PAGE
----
Friday, January 20, 2006
VIDEO: San Jose Mercury interviews CBS.COM chief Larry Kramer in Q&A format
Posted on Sun, Jan. 08, 2006
headline: CATCHING UP WITH LARRY KRAMER: The Internet takes center stage at CBS
By Michael Bazeley
The Mercury News (San Jose, Calif.)
The mainstream media are under pressure, their future cloudy as people turn to a wider and more diverse variety of sources for their news.
But from his perch on the third floor of CBS's San Francisco offices, news veteran Larry Kramer isn't worried. As the recently named president of CBS Digital Media, the network's Internet division, Kramer is quickly reshaping CBS' news and entertainment operations to reflect the new world order, in which the Internet has emerged as a major source of information.
Since Kramer, the founder of financial news site MarketWatch.com, came on board as president, CBS News has rebuilt its Web site into a 24-hour news operation, with original video and reporting not found on its TV news programs. The company is now streaming news and entertainment video to mobile phones. It will stream NCAA basketball games on the Web this spring. And it's experimenting with putting episodes of prime-time TV sitcoms on sites such as Google Video and Yahoo.
On Friday, Google and CBS announced a partnership that would make some CBS video programming available on a pay-per-view basis through a new Google Video Store. k ramer considers CBS Digital to be the ``cable outlet'' that CBS doesn't have. Kramer's online portfolio is vast, including CBS.com, CBSNews.com, UPN.com, SportsLine.com and a bevy of smaller sites, including StarTrek.com.
The 55-year-old Kramer has been in the news business for more than 30 years, starting as a reporter for the San Francisco Examiner in 1974. After stops at the Washington Post and the Trenton Times in New Jersey, he rejoined the Examiner only to leave again in 1991 to start a company called Data Sport. In 1997, he launched MarketWatch.com. CBS invested in the company, and the site was renamed CBSMarketWatch.com. Dow Jones bought the financial news site in November 2004 for $520 million, making Kramer a millionaire. He joined CBS Digital in March 2005.
We caught up with Kramer recently on the first day in his new offices. Here are edited excerpts from the interview:
Q What is your role now at CBS?
A To put all of that stuff together into a formidable digital group and to grow the digital assets quickly. The idea being, we're not a portal, so we're not going to grow users with e-mail or that kind of stuff. But what we do have is a portal-size audience. We just have them on TV. So migrating them to and bringing them into our world, into the digital world, is the way we're hoping to grow a digital audience big enough to get significant amounts of digital advertising dollars.
Q What did you find when you came in?
A SportsLine was a mature Internet business. CBS.com and CBSNews.com weren't. They were really shoestring businesses meant to support the core, the television shows, the news operations, in a smaller way. What we did was change the outlook of those into real profit-making products. And we went the other way. We actually got the fact that we have a great news division that can support a great news site, and we want to have everybody in the news division work for the news site. And we re-launched that in June.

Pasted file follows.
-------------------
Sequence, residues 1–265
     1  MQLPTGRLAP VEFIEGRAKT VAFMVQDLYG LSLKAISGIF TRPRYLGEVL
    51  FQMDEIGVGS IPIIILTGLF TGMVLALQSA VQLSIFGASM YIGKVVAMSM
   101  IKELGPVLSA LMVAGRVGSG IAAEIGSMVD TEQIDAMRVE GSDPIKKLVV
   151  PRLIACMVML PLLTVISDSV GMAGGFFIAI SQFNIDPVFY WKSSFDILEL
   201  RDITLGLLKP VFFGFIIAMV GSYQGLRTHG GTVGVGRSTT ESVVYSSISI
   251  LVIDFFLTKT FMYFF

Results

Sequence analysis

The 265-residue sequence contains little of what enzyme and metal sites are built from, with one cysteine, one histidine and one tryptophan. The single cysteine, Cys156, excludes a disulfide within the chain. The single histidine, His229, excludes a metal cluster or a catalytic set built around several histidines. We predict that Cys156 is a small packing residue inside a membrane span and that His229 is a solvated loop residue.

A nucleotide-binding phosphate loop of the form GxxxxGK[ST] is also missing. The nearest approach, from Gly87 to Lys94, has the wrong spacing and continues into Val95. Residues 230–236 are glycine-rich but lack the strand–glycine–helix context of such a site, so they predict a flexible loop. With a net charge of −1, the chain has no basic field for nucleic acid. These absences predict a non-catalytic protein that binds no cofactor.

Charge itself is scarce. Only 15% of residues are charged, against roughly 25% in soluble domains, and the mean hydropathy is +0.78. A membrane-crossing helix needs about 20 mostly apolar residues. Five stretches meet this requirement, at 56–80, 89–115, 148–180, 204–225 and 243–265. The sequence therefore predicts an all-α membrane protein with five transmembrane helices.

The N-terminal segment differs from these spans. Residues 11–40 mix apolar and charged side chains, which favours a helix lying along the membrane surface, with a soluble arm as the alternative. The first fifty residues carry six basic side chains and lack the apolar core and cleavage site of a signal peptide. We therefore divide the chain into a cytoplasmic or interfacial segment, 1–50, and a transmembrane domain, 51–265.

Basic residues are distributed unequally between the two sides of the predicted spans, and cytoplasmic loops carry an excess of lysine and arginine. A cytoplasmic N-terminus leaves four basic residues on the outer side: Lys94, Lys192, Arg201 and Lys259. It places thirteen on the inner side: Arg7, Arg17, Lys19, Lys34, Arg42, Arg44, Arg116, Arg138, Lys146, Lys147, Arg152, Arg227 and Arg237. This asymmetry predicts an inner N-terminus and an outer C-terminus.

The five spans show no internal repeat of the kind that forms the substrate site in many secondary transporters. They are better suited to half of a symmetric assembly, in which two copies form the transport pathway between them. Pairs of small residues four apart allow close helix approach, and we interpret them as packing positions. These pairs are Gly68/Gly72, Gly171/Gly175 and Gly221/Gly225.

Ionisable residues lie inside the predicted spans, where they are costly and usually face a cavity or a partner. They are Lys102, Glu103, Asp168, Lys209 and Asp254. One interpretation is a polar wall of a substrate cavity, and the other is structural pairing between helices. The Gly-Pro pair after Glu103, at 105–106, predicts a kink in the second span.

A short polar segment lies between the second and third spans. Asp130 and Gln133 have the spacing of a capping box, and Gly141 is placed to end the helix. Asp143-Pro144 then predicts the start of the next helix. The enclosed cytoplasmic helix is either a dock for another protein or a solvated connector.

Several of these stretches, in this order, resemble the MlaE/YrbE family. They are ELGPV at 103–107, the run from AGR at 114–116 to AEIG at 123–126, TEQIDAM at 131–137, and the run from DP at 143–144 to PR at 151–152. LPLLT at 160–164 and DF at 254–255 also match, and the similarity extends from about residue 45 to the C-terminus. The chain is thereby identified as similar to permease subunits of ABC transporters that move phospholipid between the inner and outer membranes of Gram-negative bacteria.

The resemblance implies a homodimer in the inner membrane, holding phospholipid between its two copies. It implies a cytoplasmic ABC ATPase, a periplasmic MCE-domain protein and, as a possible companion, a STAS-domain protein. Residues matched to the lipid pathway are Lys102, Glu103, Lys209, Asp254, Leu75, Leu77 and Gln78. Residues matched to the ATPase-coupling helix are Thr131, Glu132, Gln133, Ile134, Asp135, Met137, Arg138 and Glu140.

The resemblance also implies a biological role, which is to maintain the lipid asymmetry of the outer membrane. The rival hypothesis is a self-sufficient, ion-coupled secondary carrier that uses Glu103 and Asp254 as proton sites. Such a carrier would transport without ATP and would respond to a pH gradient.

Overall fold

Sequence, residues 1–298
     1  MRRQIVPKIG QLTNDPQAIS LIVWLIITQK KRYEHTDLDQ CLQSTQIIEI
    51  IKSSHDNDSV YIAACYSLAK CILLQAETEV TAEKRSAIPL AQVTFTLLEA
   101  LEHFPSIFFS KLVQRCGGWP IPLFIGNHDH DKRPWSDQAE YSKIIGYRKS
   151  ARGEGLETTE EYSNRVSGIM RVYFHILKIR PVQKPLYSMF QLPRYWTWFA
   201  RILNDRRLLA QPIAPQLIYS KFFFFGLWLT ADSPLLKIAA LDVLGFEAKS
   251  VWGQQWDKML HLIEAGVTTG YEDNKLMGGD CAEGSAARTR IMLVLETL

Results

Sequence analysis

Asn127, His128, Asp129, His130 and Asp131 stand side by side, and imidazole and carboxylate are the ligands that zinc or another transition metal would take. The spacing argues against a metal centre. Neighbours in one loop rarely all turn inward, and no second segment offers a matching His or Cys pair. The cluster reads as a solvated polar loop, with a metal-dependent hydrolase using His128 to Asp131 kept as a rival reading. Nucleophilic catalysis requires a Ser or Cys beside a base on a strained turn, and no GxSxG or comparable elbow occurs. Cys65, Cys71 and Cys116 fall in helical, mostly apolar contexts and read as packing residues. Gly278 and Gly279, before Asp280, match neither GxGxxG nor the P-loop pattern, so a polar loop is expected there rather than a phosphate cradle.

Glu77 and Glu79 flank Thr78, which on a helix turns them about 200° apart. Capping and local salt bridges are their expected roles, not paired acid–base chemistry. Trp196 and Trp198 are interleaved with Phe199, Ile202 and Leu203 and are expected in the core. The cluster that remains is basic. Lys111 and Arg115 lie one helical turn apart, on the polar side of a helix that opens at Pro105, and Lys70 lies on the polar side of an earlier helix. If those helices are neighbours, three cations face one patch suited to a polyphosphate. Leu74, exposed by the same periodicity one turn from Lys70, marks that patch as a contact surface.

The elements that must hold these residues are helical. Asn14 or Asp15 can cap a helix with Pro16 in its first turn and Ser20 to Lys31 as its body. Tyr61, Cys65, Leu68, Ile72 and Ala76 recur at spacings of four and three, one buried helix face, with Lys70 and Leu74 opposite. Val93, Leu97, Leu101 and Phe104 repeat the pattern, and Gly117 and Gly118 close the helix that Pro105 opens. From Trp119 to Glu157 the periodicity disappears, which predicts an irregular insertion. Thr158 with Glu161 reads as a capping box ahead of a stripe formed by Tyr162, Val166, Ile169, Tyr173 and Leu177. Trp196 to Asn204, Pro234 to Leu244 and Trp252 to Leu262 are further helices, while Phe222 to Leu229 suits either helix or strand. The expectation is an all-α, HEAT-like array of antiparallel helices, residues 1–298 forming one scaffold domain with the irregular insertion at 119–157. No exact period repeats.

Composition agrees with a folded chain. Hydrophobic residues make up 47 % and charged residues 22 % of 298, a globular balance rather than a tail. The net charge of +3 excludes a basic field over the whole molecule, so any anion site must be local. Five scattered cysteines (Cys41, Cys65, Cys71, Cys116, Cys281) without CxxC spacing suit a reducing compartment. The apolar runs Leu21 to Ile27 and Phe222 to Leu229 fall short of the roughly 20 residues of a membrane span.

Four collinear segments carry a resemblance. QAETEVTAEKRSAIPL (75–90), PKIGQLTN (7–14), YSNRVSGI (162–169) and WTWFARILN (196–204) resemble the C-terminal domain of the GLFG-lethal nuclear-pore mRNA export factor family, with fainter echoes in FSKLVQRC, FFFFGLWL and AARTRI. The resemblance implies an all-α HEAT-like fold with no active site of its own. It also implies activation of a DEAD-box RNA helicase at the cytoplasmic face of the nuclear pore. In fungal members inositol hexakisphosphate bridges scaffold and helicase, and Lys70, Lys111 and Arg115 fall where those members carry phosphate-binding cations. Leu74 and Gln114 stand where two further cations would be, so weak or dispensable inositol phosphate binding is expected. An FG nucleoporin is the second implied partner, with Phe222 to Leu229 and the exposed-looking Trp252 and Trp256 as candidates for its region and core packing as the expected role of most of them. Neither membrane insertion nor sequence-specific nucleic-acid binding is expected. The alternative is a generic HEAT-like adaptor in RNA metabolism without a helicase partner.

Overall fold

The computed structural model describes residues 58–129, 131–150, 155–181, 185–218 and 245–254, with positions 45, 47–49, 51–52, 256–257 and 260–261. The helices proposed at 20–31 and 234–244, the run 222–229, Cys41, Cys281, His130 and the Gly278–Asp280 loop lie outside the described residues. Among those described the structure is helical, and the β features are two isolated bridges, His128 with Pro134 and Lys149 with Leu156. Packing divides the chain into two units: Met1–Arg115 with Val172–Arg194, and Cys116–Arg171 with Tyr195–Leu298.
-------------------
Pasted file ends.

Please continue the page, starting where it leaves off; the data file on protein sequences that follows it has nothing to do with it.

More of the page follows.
We have people working 24 hours a day for a 22-minute show basically. So the ability to use them the rest of the day turned out to be not just something we thought would be a good idea, but something they thought would be a good idea. People who work for CBS now get a lot more display on the Web site, and have their video seen. Anybody can go back and see it. They're doing a ton of original content for the Web now, more for the Web than for television.
Q Talk about your vision for CBSNews.com.
A There, we're attracting a younger audience. The average age of a CBS News.com user is 15 years younger than Evening News viewers. So it's our first wholesale exposure to a younger audience. Really important to us. On the other hand, we get the revenues to support the kind of news operation that we could never support on Web revenues only.
Q So you're leveraging the television assets that you have, and layering on or coupling them with digital online assets.
A Right. We've got 1,500 news people around the world. We didn't need to put another (online) reporter next to our reporter in Baghdad. We needed to have the reporter in Baghdad learn to file to the Web. . . . Almost invariably we have much more on the Web than we have on TV.
Q Today, people can get content wherever they want, and there's been a lot of talk about bypassing the mainstream media and the value judgments it makes about what kind of news it thinks is important. You say that people want that news judgment, right?